Then the real fun began with a jam-packed schedule from Thursday night to Sunday morning that led our group through an alternative form of sightseeing around Chicago in the company of fascinating people from fascinating places and perspectives. I think the last time I had been to Chicago was in 2009 and before that sometime in 2003—both very short trips where I looked at universities or the major sights (and mainly the original American Girl Place). Yet, this trip to Chicago involved visiting some of the most beautifully historic places—Café Brauer near the Lincoln Park Zoo, the Berghoff Bar and Restaurant and the School of the Art Institute Chicago Ballroom—and some of those places you would never go as a tourist including the infamous “South Side” of Chicago.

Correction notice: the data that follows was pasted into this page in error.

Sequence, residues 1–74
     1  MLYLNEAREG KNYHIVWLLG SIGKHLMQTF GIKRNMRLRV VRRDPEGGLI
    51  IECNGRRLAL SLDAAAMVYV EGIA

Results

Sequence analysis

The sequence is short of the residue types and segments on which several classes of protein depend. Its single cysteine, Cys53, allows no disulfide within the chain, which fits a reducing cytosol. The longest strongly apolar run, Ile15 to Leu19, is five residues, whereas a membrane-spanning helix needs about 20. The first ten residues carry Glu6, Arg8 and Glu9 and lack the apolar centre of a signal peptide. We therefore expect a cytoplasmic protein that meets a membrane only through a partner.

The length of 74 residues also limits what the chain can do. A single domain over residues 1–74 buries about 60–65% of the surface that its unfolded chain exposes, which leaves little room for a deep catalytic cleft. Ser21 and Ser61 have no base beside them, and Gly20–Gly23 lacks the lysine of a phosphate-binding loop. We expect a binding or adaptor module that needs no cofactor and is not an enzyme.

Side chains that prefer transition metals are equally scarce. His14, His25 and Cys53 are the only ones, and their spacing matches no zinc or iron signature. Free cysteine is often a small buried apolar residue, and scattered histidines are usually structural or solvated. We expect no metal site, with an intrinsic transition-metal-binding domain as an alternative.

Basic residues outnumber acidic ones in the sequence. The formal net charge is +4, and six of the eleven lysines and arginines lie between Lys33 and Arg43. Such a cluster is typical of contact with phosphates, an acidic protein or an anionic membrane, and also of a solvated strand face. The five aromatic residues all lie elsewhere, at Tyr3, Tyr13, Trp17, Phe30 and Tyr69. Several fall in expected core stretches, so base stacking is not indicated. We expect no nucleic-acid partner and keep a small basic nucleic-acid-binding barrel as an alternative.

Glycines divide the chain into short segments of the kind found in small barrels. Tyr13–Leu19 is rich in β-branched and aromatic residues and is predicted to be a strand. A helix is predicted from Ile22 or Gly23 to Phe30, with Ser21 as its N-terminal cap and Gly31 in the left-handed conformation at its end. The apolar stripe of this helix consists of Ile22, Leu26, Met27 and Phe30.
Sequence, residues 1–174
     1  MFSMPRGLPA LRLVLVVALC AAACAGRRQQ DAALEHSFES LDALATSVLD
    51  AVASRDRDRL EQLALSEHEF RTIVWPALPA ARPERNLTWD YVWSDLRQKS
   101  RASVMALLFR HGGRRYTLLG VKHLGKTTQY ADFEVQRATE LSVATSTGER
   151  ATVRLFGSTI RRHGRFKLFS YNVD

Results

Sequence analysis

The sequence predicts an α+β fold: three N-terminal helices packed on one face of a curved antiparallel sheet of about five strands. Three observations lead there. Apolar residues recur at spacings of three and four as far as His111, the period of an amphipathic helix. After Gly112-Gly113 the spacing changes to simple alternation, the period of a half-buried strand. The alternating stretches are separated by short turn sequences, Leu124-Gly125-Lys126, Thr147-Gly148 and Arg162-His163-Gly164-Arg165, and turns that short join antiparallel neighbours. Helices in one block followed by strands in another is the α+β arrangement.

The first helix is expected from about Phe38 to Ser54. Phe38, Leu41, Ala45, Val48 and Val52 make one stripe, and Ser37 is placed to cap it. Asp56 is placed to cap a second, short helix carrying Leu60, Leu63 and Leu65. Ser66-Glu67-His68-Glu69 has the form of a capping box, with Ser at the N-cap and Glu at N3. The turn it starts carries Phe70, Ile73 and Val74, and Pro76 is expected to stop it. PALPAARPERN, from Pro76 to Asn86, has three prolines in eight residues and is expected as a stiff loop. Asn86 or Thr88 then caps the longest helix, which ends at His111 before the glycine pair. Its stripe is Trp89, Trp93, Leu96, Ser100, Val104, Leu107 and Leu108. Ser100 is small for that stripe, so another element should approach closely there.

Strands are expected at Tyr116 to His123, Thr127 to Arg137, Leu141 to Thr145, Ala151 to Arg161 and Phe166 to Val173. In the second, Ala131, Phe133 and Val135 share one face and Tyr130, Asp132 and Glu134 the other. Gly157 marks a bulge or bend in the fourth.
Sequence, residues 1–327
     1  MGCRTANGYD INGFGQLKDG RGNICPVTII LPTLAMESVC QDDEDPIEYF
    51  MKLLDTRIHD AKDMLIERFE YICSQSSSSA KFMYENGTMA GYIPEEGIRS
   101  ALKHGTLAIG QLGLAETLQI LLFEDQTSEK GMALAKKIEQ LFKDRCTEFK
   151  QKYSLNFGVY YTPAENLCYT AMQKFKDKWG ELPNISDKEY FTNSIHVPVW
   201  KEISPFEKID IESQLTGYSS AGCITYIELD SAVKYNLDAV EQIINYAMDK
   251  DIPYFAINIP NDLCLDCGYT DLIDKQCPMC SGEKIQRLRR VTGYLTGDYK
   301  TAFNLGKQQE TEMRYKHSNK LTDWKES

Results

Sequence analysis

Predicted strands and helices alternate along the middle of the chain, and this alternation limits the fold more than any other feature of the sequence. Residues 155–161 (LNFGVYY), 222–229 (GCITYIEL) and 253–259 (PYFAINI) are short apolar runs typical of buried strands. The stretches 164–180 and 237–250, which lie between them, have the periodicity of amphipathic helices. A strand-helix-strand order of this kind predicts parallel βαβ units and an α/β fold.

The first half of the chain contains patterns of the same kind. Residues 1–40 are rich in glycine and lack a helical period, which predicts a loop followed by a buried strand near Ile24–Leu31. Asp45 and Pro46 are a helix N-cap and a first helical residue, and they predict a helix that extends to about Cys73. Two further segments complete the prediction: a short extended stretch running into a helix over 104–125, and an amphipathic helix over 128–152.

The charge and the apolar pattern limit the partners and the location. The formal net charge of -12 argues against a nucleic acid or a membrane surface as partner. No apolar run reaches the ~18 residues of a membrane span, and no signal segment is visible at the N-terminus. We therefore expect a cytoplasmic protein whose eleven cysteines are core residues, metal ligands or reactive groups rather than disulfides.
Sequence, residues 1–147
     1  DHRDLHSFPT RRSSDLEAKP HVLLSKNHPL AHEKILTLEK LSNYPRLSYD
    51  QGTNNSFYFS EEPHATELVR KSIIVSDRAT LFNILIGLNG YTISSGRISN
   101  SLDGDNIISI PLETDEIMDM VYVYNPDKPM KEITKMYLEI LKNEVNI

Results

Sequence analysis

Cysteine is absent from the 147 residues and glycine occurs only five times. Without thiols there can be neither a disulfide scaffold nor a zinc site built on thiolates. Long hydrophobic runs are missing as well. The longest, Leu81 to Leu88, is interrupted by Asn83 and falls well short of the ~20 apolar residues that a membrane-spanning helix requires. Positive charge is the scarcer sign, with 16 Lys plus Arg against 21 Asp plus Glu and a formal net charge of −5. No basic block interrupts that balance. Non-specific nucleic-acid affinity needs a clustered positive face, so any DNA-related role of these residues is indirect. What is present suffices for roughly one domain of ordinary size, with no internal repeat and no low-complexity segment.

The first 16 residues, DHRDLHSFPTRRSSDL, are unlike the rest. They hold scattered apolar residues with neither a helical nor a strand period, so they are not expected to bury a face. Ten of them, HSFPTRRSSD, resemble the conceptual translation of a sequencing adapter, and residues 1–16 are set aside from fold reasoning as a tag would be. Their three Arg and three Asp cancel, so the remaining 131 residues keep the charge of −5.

For the first time as a Northeastern girl, I really took a look at the social issues afflicting an unfamiliar city, making Chicago actually one of the most socioeconomically and racially segregated in the US. The weekend involved one Site Visit and one Community Service visit to different youth initiatives around the city. While some people went to schools or community centers, my two separate visits both went to urban agriculture initiatives with youth empowerment initiatives called the Sweetwater Foundation and Growing Power. Both places use urban agriculture to address several issues afflicting the impoverished areas of Chicago— the lack of healthy and locally grown food options, youth disengagement and resulting crime and education problems, and generally low morale as other parts of society continue to resign these areas to ruin. The awesomely empowering leader of the Sweetwater Foundation told us that businesses, such as supermarkets have even stopped investing in these communities, as they are labeled “blighted” and incapable of growth. These initiatives have started to prove to both the outside powers that be and the community itself that these ideas are wrong by literally growing something where it was thought to be impossible.